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Part of the price of gas is the cost of transporting that gas to where you can fill up

Part of the price of gas is the cost of transporting that gas to where you can fill up

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Magellan Terminal (Photo).JPG

More often than not, gasoline sold in south-central Nebraska arrives in the Magellan Pipeline, and it’s stored temporarily in a tank battery two miles south of Doniphan. Hauling the fuel by truck to the point of sale adds to the cost of a gallon of gas.

DONIPHAN — A battery of large storage tanks near Doniphan plays a key role in fueling cars, trucks and farm machinery in south-central Nebraska.

The tanks are owned by Magellan Midstream Partners, and they’re part of a pipeline system that delivers premium gasoline, 83 octane gasoline and diesel fuel to be sold by the region’s retailers, including convenience stores and service stations.

Pipelines like the Magellan, which are called refined products pipelines, also can transport jet fuel, but they don’t carry ethanol, which is hauled by trains and trucks.

Bruce Heine

Bruce Heine

And, yes, transporting fuel from refineries to Doniphan from distant refineries adds cost to the price at the pump — but how much that cost is can be difficult to calculate, said a spokesman for Magellan.

“It’s like a toll road. The longer you go on the toll road the greater the cost,” said Bruce Heine, a Magellan media contact in Tulsa, Oklahoma.

It’s difficult to peg the cost of transporting refined fuel in pipelines, Heine said, because the Magellan pipeline system is so vast. The initial sections of the Magellan were built in the 1930s after oil was discovered in Oklahoma.

Today, the Magellan connects to a number of the United States’ refineries. That means fuel carried in the system may originate at many refineries, and so pipeline tariffs can vary significantly. Tariffs are the fees pipelines collect to transport fuel.

“Overall, we’re connected to 50 percent of the nation’s refining capacity. The Magellan is the longest refined products system in the U.S.,” Heine said. With access to so much fuel, Heine said Magellan’s customers can get what they need from a variety of sources.

Heine said it’s important to remember that Magellan only transports fuel, it doesn’t own it.

The Magellan system stretches north from Houston, Texas, to Grand Forks, North Dakota, and west from Chicago to Wyoming. While it would be impossible to say exactly how much it costs to pipe fuel to terminals like the one in Doniphan, Heine said the average tariff is 4 cents per gallon.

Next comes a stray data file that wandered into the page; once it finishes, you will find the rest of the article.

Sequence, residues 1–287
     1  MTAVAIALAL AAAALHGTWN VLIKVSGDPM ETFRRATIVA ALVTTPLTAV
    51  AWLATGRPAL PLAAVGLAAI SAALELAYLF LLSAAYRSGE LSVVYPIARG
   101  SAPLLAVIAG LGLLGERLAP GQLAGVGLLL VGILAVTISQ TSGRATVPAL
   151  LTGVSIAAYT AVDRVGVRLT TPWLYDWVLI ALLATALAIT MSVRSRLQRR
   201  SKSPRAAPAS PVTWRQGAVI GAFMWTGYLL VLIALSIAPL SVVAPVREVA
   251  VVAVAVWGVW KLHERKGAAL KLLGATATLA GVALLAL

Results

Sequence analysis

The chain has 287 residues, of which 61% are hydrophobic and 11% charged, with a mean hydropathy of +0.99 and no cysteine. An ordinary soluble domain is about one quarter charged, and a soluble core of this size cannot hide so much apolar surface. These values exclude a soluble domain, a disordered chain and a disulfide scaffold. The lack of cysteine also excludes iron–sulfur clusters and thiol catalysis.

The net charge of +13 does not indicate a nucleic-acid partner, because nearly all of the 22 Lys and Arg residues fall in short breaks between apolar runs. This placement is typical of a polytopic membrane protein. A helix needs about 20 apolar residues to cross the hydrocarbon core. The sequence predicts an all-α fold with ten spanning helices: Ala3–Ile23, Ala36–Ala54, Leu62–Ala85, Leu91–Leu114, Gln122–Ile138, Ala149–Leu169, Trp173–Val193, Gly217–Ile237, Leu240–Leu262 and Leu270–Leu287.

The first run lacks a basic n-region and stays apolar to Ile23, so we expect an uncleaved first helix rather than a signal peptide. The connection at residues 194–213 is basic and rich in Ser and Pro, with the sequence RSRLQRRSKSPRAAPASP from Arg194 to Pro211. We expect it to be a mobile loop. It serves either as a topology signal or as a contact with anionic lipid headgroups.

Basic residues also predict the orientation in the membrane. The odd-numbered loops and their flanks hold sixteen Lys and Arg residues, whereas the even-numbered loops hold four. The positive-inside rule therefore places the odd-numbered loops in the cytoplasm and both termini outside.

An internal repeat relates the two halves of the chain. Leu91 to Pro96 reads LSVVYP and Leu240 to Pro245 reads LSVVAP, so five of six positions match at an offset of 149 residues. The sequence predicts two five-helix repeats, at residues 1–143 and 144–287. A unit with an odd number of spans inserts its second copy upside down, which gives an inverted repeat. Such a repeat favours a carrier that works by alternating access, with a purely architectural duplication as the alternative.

According to the U.S. Energy Information Administration, crude oil makes up 54% of the cost of gasoline; taxes are 18%; distribution and marketing is 15%, and refining is 13%.

For a gallon of gasoline priced $2.20, the percentages would account for the following costs:

- crude oil, $1.19;

- taxes, 39 cents;

- distribution and marketing, 33 cents;

- refining, 29 cents.

Fuel that is sent in the pipeline to Doniphan originates at a major refinery city such as Houston. It’s sent to Kansas City, Missouri, to Omaha, to Sioux City, Iowa, and north to Minneapolis.

A branch of the Magellan at Nebraska City runs west, and Doniphan is the end of that pipeline.

Pipelines operated by other companies also carry fuel to Nebraska and have terminals in Geneva and North Platte. Some Kansas pipelines can supply fuel to area retailers.

Fuel that’s piped to south-central Nebraska via the Magellan system must be hauled by trucks from Doniphan to the retailers who will sell it to motorists, companies and farms. As a service to its customers, Magellan will blend additives that match retailers’ specifications. The additives may help clean engine parts or promote efficient combustion of the fuel. Some retailers market their fuel by promoting the value of the additives, while other retailers request no additives to keep costs lower.

The final transport by truck to retailers may cause costs to vary. Heine said some retailers may be smaller and so they hire common carriers to haul their fuel from Doniphan. Large companies might operate their own fleets of trucks as a way to shave expenses.

“The factors that go into retail gasoline pricing are multiple. Transportation charges are probably going to boil down to how far the station is from the terminal,” Heine said.


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